The safest way for college football to have a season in 2020 would be for the biggest conferences to bubble their programs off from everyone else. However, it would be difficult for them to do that while still arguing that the unpaid players who comprise the sport are amateur student-athletes. The NCAA’s model of amateurism is rooted in the notion that athletes are like regular students. The NCAA doesn’t even allow schools to build residence halls for athletes without those also housing at least 51 percent general population students so as not to provide “special treatment.” If bubbles were created exclusively for college football players to live, train, and compete in, they would entirely separate the players from both their respective college campuses and from regular students. That would destroy the pretense that elite college football players are like regular students, and the idea of amateurism in the sport would crumble.
Making the changes necessary to hold a fall season now would also deepen the divide between conferences. Namely, only the Power Five leagues could afford a bubble plan. College football has a massive and strangely constructed landscape where Division I schools that play in 100,000-seat stadiums and generate tens of millions of dollars in annual television revenue are technically part of the same structure as Division III programs that play in front of bleachers and have never had a nationally televised game. According to a report from the Department of Education, Ohio State generated close to $100 million from football in 2016, Ohio made around $10 million, and the D-III schools in Ohio didn’t break $1 million. The biggest schools could afford a bubble and make money. The smallest schools would lose money by playing football this season at all.
There is a growing rift between these schools. Some of college football’s biggest conferences are still trying to preserve their fall season, while the Division II and Division III leagues have postponed theirs. Before the Big Ten and Pac-12 issued their Tuesday press releases, the Mid-American and Mountain West conferences—members of the Football Bowl Subdivision, but not members of the leagues that actually have power in the upper tier of Division I—had already pushed back their fall sports. If part of the Power Five played a fall season without everyone else, it would be hard for those leagues to argue that they’re still connected to the small conferences. That connection is critical to the current structure of college sports.
And then the players spoke up. It may have felt like the group threatening to sit out this season and the group demanding to play this season were worlds apart, but really they were asking for the same thing: a voice for players. Seeing pro sports carry on in the midst of a pandemic may feel strange, but the players involved are professionals who understand the risks, signed off on the health protocols, and decided to play in exchange for money. None of that would be true for a college football season. The decisions are being made by university presidents, athletic directors, and so, so many lawyers. The people in charge make decisions dictated largely by the bottom line, and the players are just expected to show up. That’s the way this sport always has been.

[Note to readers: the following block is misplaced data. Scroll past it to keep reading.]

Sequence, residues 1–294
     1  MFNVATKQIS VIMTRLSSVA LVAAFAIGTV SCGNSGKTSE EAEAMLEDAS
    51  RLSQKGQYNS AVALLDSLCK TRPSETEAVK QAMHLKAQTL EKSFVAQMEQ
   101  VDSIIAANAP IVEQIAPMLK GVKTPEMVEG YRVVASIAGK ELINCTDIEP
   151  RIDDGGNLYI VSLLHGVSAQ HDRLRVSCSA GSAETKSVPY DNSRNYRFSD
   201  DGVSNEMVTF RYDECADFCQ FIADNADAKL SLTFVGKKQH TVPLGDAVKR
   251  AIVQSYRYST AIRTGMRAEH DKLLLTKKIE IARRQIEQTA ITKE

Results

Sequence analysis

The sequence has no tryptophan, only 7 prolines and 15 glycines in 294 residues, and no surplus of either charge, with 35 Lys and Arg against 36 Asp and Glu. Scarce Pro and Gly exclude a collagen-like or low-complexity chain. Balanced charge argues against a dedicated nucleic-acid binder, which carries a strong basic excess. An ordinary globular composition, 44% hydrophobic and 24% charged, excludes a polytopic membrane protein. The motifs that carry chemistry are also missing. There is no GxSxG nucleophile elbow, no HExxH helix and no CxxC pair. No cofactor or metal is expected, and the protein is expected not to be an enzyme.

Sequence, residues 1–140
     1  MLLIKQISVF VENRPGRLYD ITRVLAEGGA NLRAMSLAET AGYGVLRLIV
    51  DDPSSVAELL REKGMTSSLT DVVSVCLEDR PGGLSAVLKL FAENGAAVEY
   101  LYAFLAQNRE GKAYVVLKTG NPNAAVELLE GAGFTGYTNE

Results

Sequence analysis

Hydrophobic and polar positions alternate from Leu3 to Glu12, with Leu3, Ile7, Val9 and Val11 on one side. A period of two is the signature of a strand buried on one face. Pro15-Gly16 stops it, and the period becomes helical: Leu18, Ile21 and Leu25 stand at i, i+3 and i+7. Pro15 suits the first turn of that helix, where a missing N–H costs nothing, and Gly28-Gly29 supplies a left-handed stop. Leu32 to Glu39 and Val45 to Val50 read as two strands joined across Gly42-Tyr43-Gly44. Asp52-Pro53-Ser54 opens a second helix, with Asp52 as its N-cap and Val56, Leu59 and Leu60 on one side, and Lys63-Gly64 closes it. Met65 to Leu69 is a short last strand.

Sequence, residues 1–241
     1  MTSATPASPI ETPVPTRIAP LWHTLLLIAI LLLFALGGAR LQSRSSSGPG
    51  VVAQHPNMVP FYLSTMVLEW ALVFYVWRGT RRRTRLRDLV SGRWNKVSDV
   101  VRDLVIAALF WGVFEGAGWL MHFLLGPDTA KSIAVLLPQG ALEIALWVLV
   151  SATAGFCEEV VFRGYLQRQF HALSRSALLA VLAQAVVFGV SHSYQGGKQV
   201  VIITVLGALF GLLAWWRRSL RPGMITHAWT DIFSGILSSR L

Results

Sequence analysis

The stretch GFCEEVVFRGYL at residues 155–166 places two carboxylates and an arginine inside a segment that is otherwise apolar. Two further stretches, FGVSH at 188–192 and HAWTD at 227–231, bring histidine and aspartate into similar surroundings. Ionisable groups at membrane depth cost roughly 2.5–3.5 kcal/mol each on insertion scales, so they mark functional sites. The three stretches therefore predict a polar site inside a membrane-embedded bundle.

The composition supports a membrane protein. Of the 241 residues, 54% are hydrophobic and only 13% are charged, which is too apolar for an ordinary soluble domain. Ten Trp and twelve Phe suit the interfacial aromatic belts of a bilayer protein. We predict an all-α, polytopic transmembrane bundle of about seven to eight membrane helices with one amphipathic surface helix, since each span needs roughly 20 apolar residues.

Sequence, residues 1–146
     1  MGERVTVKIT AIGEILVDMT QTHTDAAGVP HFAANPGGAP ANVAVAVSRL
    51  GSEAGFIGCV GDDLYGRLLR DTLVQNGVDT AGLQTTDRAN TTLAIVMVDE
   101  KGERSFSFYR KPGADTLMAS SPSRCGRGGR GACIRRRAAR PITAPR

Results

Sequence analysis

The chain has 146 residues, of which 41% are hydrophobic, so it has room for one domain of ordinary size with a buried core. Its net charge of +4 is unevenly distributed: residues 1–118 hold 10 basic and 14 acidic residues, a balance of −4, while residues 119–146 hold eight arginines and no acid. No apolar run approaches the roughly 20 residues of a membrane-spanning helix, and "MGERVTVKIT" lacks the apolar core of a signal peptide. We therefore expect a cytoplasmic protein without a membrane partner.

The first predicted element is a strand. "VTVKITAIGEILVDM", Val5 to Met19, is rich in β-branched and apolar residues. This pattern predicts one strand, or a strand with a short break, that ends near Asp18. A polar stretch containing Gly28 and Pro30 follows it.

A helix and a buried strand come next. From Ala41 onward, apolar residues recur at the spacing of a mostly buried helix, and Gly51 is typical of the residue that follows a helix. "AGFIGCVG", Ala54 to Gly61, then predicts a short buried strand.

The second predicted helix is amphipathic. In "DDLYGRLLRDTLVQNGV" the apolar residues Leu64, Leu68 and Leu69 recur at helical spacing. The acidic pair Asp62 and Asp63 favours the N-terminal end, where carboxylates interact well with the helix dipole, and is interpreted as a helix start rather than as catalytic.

College football has a long history of player protest, and this isn’t the first time that players have proposed forming a union. In 2014, Northwestern quarterback Kain Colter successfully led a union drive among the school’s varsity football players. But the National Labor Relations Board declined to rule on the union, saying it was too narrow since it featured the players from only one school. While there are legal hurdles to establishing a college football players’ association, having players from only one school won’t be a factor the next time around. Players from all five major conferences were involved with Sunday’s statement.
For any Power Five conference to hold a fall football season, it would have to reckon with the demands of these players. And if it did, the sport would never be the same. The statement put out Sunday did not involve financial asks, but if the people in charge of the sport start earnestly negotiating with players, it only seems logical that those discussions would happen soon. In the letter the Pac-12 players published in The Players’ Tribune last week, one demand listed was a distribution of “50 percent of each sport’s total conference revenue evenly among athletes in their respective sports.”
The people in charge of college football wanted a fall season because they hoped it would prevent the college sports infrastructure from fundamentally changing. Now, they widely appear poised to postpone the season because if they don’t then fundamental changes would be unavoidable. The athletes would have to be treated like pros; the big schools would have to separate from the smaller ones. But while those changes seem colossal, they reflect the true nature of the sport. The NCAA would like us to think of college football as a world in which Division I and Division III schools coexist in the same ecosystem. In reality, there are two groups that would fit better in their own ecosystem: the schools that profit immensely off of college football, and the players who play for those schools.
The past few months have shown how ugly it looks when the schools and conferences move forward without asking for the players’ input. For all the differences that seem to be pulling college football apart, Sunday may have forever changed the sport by showing that the sanest future is for these two sides to work together.
This story was updated at 1:33 p.m. PT on August 11 with additional information after publication.